NIELSON: Yes, of course. I think it's obvious that artificial intelligence will be part of tanks, ships -- future tanks, ships and airplanes, without doubt. And in -- so far, I am -- I believe that a -- we need kinetics like tanks, ships, aircraft, even in the future, because I can't see, when we cooperate much more with the non-defense industry, that kinetics will be outsourced or delivered to non-military people.

But the question is what kind of additional added value these new technologies offer. Look at the micro-drones and the small drones, what kind of knowledge, what kind of expertise, what kind of possibilities implement (ph) -- and they are becoming cheaper and cheaper. The new drones have a kind of capacity and a possibility (ph) -- (inaudible) possibilities which we should use in the military environment.

And, once again, I'm not quite sure -- once again, we are starting this process. We are convincing nations that it's necessary to think about the new technologies, to adapt the new technologies in the military environment. And, to be very frank, at the moment, I observe the huge gap between civilian use of intelligent -- artificial intelligence and military use.

And our challenge will be that this gap is not becoming bigger and bigger. We have to -- at least to stop it and perhaps to close it a little bit. And that's our intention. But we need support, because the expertise in the military environment about the possibilities is limited.

DUCARU: OK. We'll -- please.

QUESTION: Yes, thank you, Admiral Nielson. My name is Mike Iroshas (ph).

A lot of the transformation that you talked about with NATO is heavily dependent on receiving the necessary funding. Are you optimistic that NATO will have the funding to be able to achieve the goals of transformation that you talked about? And what pressure is being put on those nations that are not meeting their goal of the 2 percent GDP?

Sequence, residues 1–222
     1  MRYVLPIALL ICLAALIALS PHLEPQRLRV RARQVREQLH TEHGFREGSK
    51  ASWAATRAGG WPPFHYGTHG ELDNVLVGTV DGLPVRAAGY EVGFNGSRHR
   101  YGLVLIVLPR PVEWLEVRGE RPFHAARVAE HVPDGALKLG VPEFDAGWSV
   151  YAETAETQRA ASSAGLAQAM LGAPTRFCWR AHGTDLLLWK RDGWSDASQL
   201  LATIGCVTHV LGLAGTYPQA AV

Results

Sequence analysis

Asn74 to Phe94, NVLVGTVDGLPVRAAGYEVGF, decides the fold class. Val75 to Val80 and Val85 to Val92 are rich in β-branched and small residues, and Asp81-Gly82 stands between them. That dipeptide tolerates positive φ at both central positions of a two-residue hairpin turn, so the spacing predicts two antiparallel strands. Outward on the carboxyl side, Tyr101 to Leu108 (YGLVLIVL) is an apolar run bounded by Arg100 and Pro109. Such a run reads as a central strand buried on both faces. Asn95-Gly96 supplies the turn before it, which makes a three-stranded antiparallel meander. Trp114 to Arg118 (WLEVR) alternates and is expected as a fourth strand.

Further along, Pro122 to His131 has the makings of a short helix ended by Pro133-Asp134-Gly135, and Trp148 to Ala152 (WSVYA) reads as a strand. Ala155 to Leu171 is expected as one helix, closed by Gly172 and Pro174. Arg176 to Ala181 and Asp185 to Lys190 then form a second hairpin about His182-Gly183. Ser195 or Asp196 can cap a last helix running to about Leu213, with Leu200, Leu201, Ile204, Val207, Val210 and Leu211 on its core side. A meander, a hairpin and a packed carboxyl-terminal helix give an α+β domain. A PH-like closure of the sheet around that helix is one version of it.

NIELSON: Of course, to be very frank, it's finally a political decision. If politicians believe that we have to invest more in defense spending, we will make the money available. That's my understanding.

But I'm -- on the other hand, I would initiate, even, a discussion. When we are talking about funding, we should not only think about money, but we should even think about manning. And that's concern that I'm looking forward into the future -- that the money will be available on political decision.

For instance, in my country -- because I realize, of course, that I will get the question -- we spend, at the moment, 30 billion in solving the refugee crisis. And this money was not in the budget.

But my concern is the European countries, and not only the European countries, are in a position to get enough people. And that's even a challenge in the United States. You are looking for 1,500 pilots, and you can't get it, although you are spending a lot of money.

In my country, we are facing a demographic impact which is tremendous. In my birth year, 1.3 million boys and girls were born. My son is 30 years younger than I, and, in his birth year and all upcoming (ph) other years, only 700,000 people were born.

And that means we are, especially in Germany, a society which is becoming older and older. And, 20 years ahead, we will not have 80 -- 1 million citizens, like today, but perhaps only 65 (ph). And that's my response.

Of course, once again, we -- NATO, as institution -- we depend on the critical decisions to spend money and manpower. And we can only ask for -- we can explain why it is necessary. But, finally, the decisions are made by politicians, and I like this kind of burden sharing.

DUCARU: Thank you. There was another question here from -- (inaudible).

QUESTION: Yes, sir. Major Hildebrand (ph) from the Transregional Threat Coordination Cell at the Pentagon.

How much buy-in are you getting from private sector and academia into cooperating with new innovations and things like that? Are they -- do you have any success stories or anything that you could give us?

NIELSON: No. Unfortunately not. We try, as I said already, to open the doors, to come in contact. And, for me, it's really impressive when we get invitations for you -- from universities, think tanks, that -- they say, "OK. We are not aware that NATO is dealing with these -- with these topics," because, in the past, we were not connected with these companies, with these people.